goodyear runonflat tyres

pressure drop

goodyear runonflat tyres

Goodyear's RunOnFlat tyre technology will change the way you think about tyres. Andy Enright reports

If, like me, you thought scary tyre deflations were things that happened to other people, you could be in for a rude surprise. Travelling along the A3 recently at almost legal speeds one evening, I felt the car I was driving shimmy, shake and then start to vibrate horribly. Training had taught me not to brake but not everyone will benefit from such training. By the time the car came to a halt, the tyre was so hot that it was impossible to touch and the heat had caused a partial delamination.

Not pretty at all and it necessitated twenty minutes sitting on the hard shoulder with articulated trucks hammering by inches from my posterior. Getting shot blasted with grit every thirty seconds or so isn't a great deal of fun, I can assure you of that. Things would have been a whole lot safer if I'd have had a tyre like Goodyear's Eagle NCT5-EMT RunOnFlat.

This is a tyre designed to run safely for a minimum of fifty miles at a maximum speed of fifty miles per hour with absolutely no air pressure required. When a Goodyear RunOnFlat tyre encounters a road hazard and loses air pressure, the vehicle remains supported by durable inserts in the sidewalls of the tyre, and it can continue to travel with minimal impact on handling. There is no loss of control or grip, which drivers experience with a flat in a regular tyre. RunOnFlat's reinforced sidewall inserts create greater stiffness and enable the tyre to bear the weight of the whole vehicle, even when the tyre is totally deflated. A major advantage of RunOnFlat tyres is that they can be fitted straight onto normal rims, with no need for special tools and extra costs.

The Goodyear RunOnFlat technology offers such high levels of safety that drivers may not even notice the sudden pressure loss. Special sensors monitor the tyre pressure in all four tyres and notify the driver of any loss of air pressure detected. Many of the latest car models on the market are equipped with this tyre pressure monitoring system. We decided not only to see whether Goodyear's claims were up to the mark but to wildly exceed them. We planned to fit a set of 245/40R18 RunOnFlat tyres to a BMW 530i, deflate all four of them and drive the Spa-Francorchamps race track as fast quickly as possible. What's more we'd keep lapping until the tyres became marginal.

We attracted some curious looks as we deflated the tyres fully and with the approval of the track safety team, we pulled out of the pit lane and accelerated down towards Eau Rouge. First impressions were promising. We'd done a lap with one flat front tyre and had noticed a slight pull to one side and an increase in noise. Goodyear's engineers claim they can reduce the steering pull and noise still further but wouldn't want to as some drivers would fail to notice they had a flat and would carry on obliviously.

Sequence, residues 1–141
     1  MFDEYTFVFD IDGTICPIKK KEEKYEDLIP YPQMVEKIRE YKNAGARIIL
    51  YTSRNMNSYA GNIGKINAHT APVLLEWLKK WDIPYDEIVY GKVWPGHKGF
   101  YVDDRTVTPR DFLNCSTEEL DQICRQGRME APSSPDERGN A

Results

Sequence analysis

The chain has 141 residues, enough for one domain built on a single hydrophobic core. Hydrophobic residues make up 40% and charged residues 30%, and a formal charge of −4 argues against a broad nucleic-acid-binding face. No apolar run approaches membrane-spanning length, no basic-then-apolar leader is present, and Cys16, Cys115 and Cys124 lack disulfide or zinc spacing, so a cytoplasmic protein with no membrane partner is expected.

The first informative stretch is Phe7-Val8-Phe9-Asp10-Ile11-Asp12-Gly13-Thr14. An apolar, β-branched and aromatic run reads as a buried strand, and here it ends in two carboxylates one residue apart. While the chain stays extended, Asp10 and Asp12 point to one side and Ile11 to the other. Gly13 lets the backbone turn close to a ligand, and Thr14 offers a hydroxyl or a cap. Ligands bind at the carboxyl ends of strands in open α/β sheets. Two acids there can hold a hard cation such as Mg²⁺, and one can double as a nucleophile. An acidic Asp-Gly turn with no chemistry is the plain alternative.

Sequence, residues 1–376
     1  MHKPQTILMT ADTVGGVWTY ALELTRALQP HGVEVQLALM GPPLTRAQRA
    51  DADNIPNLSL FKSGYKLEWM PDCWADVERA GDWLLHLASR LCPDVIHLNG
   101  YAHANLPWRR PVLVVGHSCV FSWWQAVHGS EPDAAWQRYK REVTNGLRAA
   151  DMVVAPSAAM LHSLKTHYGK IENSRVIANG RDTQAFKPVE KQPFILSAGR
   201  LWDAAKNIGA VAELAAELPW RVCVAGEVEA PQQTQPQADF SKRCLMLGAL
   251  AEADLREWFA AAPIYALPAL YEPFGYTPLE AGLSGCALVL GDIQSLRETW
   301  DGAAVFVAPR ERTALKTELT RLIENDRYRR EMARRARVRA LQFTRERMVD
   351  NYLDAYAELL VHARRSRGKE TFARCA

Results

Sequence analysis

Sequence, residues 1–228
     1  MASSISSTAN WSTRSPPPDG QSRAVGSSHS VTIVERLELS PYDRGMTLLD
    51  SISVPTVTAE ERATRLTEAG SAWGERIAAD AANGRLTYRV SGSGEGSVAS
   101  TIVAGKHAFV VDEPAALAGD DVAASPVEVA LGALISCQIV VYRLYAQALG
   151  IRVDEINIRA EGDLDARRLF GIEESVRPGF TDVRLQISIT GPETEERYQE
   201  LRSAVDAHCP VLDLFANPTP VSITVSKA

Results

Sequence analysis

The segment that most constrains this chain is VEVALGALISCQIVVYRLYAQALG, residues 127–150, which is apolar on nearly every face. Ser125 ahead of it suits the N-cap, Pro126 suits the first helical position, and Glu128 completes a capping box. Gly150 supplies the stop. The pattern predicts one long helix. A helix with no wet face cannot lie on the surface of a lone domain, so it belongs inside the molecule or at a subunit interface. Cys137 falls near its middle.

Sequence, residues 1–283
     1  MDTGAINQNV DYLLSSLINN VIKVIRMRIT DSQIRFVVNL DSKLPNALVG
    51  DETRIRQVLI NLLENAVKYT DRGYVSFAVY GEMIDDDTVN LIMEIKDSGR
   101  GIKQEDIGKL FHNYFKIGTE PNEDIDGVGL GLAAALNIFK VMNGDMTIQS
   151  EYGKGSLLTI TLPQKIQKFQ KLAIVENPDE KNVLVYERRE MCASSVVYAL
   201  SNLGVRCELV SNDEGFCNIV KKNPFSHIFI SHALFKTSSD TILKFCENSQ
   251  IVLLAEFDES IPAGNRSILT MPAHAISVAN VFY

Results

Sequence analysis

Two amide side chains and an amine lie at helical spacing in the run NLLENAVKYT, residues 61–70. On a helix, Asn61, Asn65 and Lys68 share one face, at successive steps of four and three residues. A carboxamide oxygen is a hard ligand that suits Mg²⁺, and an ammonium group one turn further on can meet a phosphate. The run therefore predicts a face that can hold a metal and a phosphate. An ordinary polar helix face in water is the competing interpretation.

With four flats, the car felt a little odd, as if the rims were trying to wrench themsleves free of the tyres. Teeth were gritted as we dropped into Eau Rouge, minds already furiosuly conjuring up excuses as to why the BMW would be returned to the press office with hideously damaged alloys. Despite the expectations of metal coming into contact with tarmac, it didn't happen. Must try harder. Through the Les Combes complex, the BMW leaned heavily on the reinforced sidewalls but again kept resolutely on line. Even the Rivage hairpin, a punishing test for cars with correctly inflated tyres, was tackled easily, albeit with plenty of speed scrubbed off in the process.

Even the scary corners of Pouhon and Blanchimont were tackled with a fair degree of confidence, accelerating out of Blanchimont, we briefly saw 110mph on the speedometer and still the big BMW felt composed. It felt a little squirelly into the angled braking zone of the bus stop chicane but this was only to be expected. We went round for another lap, then another and before too long we were starting to overtake other cars. After nine laps - that's nearly 39 miles at maximum attack - we pulled back into the paddock not because the tyres were tired but because the brakes were starting to wave the white flag!

Naturally, we wouldn't recommend trying to replicate this test on the open road, but as a demonstration of the safety margins built into these impressive tyres, it's an exercise worth undertaking. More and more people seem to agree, the advantages of run-flat tyres being easy to appreciate. Aside from the issue of not having to change tyres by the side of a busy motorway or in an unsavoury part of town, it also means that cars like today's MINI, which can feature wheels up to 18 inches in diameter, are now relieved of the problem of where to fit the spare. Less weight, more luggage space and greater safety are other obvious side effects. Sales of run-flat tyres have risen more than tenfold over the past four years. It seems as if it really is time to shed our spare tyres at last.